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Almost 80% of social workers have increased concerns over ability to safeguard children

More than 65% of social workers in children’s services have seen an increase in the number of referrals and/or their caseload since the return to schools and colleges for autumn 2020, a survey by BASW has found.

At the same time, almost 80% of social workers encountered more difficulties in accessing essential support services for the people with whom they worked, the professional association of social workers found. Against this backdrop of rising caseloads and depletion of support services, 77.7% said that their experience of working under lockdown restrictions had increased their concerns about the capacity to safeguard/protect adults and children.

BASW Chief Executive Dr Ruth Allen said: “This survey provides timely recognition of the crucial work social workers do and their continued commitment throughout the pandemic.

“Social work is often more hidden and less well supported nationally in policy, funding and public regard than some other essential services. The findings reflect this as they highlight the ongoing difficulties in reaching people, safeguarding and providing support and social care services,” she added.

Dr Allen highlighted that the latest ONS figures showed that, by occupation, one of the highest average death rates among women were social workers.

BASW surveyed 1119 social workers across the UK between 30 November and 31 December 2020, revealing a string of concerns, as well as practice issues.

The Association’s first survey at the beginning of the pandemic revealed that social workers had innovated quickly and largely successfully in response to restrictions by bringing services online, including video calls and more digital contact with service users. The increase in online support was complemented with emergency house and face-to-face visits continuing.

However, the change is taking a toll on the mental wellbeing of social workers, as 68.3% of respondents agreed or strongly agreed that working from home during the Covid-19 crisis had made it more difficult for them to switch off from work while 58.8% agreed or strongly agreed that working during the Covid-19 crisis had negatively impacted upon their own mental health.

Furthermore, dealing with highly emotive issues daily takes a large toll on social workers and without safe spaces and colleagues to reflect and share, the likelihood of burnout increases.

The survey found:

- 51.5% of respondents agreed or strongly agreed that they had encountered more difficulties in monitoring safeguarding access/carrying out safe and effective adult and child protection visits because of limited face-to-face access.

- 51.2% of respondents agreed or strongly agreed that they were able to carry out their role with the confidence and support they needed; 30.7% disagreed or strongly disagreed.

- 63.5% of respondents agreed or strongly agreed that they had encountered more ethical and moral dilemmas since the introduction of lockdown restrictions.

- 69.7% agreed that they had encountered more difficulties in communicating with service users because of the digital exclusion experienced by the latter.

Dr Allen said: “What we need is the social services workforce to be supported to continue to work effectively alongside the doctors and nurses we hear much more about in mainstream media.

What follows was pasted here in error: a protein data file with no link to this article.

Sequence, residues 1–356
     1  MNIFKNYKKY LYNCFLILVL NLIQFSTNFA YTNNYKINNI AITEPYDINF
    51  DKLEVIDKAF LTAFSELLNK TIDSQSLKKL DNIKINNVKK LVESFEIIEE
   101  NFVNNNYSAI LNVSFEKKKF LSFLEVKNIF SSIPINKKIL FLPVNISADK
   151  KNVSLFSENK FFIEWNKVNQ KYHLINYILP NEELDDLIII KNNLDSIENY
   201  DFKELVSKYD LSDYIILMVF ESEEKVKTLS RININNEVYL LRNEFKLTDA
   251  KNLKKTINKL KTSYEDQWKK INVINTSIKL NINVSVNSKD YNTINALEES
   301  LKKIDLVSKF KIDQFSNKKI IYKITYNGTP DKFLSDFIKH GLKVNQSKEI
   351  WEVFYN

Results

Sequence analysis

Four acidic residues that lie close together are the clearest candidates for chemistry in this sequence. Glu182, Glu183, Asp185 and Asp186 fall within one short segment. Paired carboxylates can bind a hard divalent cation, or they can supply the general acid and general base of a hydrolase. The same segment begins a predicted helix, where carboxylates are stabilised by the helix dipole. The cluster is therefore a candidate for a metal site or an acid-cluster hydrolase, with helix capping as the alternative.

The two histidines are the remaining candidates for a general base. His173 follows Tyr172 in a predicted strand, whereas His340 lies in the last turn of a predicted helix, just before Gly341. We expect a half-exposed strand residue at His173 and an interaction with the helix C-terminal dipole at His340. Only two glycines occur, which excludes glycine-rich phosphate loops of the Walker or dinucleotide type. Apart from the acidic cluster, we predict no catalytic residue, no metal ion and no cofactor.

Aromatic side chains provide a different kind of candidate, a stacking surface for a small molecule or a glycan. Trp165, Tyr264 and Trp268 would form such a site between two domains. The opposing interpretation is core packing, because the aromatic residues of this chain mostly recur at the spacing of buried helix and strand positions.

“Social work, and social workers, are key to the UK’s recovery from this pandemic and we need to see this reflected in ongoing pandemic planning as well as the upcoming Budget.

"If we are to build back better then we need to start with the most vulnerable adults, children and families and ensure we give social workers the resources to be able to help them, as well as the support they need so they don’t themselves face burnout.”

The survey comes after Ofsted warned before Christmas that child abuse could be going undetected as referrals to children’s services had not risen as greatly as had been expected. Children’s commissioner for England this week warned that too many vulnerable children are still invisible to social care.

John McGowan general secretary of the Social Workers Union said: “The findings from the 'Social work during the Covid-19 pandemic report' clearly illustrate that it is more important than ever that SWU and BASW work together, and to use this survey as an important step in our path to recovery, serving as a basis for collaboration as we plan for the future challenges and opportunities facing the social work sector.

“The survey report highlights not only the immense challenges faced by social workers in the light of the Covid-19 pandemic, but also the unusual opportunities and the clear responses from the membership.

“Moving forward, the unsung daily effectiveness of social workers in protecting lives has been hearteningly presented. Unsurprisingly the new 'working conditions' that are generating more mental health issues are also creating a changed working environment, challenging the greatly needed services of those who can help most, like social workers. Although most social workers still have their jobs, for some, interactions and the workplace has changed beyond recognition. Social distancing rules, PPE and COVID health regulations affect how we interact with service users and colleagues at work. Altered working patterns comes with its own challenges, such as changes in communication, technological difficulties, interference of private life and higher self-organising demands, to name just a few. All of these changes demand a great deal of adjustment in the social work role, requiring an extra amount of effort, grit and creativity to make them work,” he added.

Social work during the Covid-19 pandemic: Initial Findings


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